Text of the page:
FA Insights is a daily newsletter from Business Insider that delivers the top news and commentary for financial advisors.
Checking account fees are going up (Bankrate)
A new Bankrate survey of 250 of the country’s banks and thrifts discovered the amount people are paying in checking account fees is on the rise. Bankrate says never before in the past 12 years has so few banks (37%) offered totally free checking. However, most banks (95%) are willing to give totally free checking if you maintain a minimum balance, usually $US500 or $US1,000, or make regular deposits. The study found the average withdrawl using an ATM outside your network costs $US4.52, and was responsible for $US283 million in banking revenue during the second quarter of 2015. Overdraft fees are up 1% versus a year ago, averaging $US33.07, according to Bankrate. All of this comes at a time when the average yield for a checking account is 0.05%.
The amount of money pulled from Pimco’s flagship Total Return Bond Fund increased to $US2.3 billion in September, up from $US1.8 billion in August. According to Reuters, the fund has seen more than $US11 billion of withdrawls since the start of 2015 as it deals with the fallout from the departure of co-founder Bill Gross. Additionally, the Pimco Income Fund has seen $US10.3 billion in outflows over the course of the year.
Nelson Peltz disclosed a big stake in GE (Reuters)
Activist investor Nelson Peltz announced a massive $US2.5 billion stake in General Electric. Peltz’s Trian Fund Management says it owns 98.5 million shares of the industrial giant, amounting to its largest position. “Trian believes GE has significant long-term potential and that its implied target value per share, including dividends, could be $US40 to $US45 by the end of 2017 based on our view that GE can deliver EPS of at least $US2.20 in 2018,” Trian CIO Ed Garden said in a statement. Trian has not asked for a board seat, but it does want GE to increase cost-cutting efforts and potentially sell more finance assets, Reuters says.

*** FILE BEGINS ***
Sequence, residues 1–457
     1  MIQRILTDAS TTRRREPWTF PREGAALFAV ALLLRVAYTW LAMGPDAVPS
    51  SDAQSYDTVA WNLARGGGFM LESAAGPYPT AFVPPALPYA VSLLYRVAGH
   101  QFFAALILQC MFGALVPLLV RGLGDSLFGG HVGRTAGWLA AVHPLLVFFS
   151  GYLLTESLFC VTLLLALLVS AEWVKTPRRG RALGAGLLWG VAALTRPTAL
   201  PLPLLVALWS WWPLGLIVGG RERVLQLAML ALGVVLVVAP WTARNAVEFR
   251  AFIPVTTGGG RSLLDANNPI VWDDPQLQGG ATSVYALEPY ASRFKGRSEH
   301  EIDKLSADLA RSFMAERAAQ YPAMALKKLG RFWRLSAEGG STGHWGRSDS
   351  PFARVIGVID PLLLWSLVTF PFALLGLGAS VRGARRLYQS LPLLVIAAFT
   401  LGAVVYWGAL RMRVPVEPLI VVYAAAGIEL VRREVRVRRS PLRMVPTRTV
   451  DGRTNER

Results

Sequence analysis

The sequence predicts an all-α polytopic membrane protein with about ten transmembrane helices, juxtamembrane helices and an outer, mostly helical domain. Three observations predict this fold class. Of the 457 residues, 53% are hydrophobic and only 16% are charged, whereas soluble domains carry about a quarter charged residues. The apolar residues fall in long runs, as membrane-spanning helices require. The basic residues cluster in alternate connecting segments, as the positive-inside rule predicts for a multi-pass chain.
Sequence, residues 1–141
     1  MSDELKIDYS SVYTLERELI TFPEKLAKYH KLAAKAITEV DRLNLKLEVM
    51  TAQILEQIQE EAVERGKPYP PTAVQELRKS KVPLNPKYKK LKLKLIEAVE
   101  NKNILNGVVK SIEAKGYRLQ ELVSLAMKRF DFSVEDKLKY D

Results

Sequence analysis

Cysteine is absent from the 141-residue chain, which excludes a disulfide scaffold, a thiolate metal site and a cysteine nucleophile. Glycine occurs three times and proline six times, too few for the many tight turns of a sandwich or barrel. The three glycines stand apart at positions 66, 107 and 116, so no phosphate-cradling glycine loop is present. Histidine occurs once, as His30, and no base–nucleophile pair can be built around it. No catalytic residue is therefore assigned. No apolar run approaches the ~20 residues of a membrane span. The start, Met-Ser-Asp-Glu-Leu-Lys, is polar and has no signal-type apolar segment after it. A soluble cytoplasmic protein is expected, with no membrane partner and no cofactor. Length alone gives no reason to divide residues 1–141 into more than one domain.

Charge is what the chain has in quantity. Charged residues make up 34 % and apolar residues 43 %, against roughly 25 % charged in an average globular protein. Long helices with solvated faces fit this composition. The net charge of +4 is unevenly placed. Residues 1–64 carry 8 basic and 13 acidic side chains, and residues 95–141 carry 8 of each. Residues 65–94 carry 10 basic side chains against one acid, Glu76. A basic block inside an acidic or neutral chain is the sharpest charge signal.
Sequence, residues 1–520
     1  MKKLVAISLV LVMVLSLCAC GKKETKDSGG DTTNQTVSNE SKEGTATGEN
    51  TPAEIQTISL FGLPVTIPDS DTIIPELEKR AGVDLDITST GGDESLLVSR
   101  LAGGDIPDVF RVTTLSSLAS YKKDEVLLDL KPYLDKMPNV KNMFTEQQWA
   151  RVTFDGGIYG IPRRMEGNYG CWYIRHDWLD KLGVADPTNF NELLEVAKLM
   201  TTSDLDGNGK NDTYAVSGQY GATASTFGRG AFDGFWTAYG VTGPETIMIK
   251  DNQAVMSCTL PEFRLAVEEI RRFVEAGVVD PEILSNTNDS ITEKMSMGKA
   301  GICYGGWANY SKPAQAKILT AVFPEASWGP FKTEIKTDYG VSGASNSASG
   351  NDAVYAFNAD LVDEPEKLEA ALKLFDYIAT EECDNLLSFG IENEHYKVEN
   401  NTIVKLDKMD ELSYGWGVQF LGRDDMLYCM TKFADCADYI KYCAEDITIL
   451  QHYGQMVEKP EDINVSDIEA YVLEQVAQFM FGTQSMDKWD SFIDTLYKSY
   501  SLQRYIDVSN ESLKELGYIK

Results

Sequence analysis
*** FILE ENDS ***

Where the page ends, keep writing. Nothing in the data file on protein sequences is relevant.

US retirement assets were little changed in the second quarter (Investment News)
The amount of money held in US retirement accounts slipped in the second quarter. Total retirement assets fell to $US24.8 trillion, down from the first quarter reading of $US24.9 trillion. Investment News says the amount of assets held in defined contribution plans gained 0.4% in the April to June period, and now stands at $US6.8 trillion. Meanwhile, IRA assets also increased by 0.4%, and are now at $US7.6 trillion.
3 steps to help solve the retirement crisis (Think Advisor)
At Morningstar’s ETF Conference Charles Ellis, founder of financial consulting firm Greenwich Associates and co-author of the book “Falling Short: the Coming Retirement Crisis and What to Do About It,” warned millions of Americans don’t have enough money saved for retirement. Think Advisor says, Ellis believes a combined effort from employees, employers and the US government can help rectify the problem. Workers need to retire later, employers should automatically enroll clients in their 401(k) plan and the government needs to reform Social Security, Ellis says.
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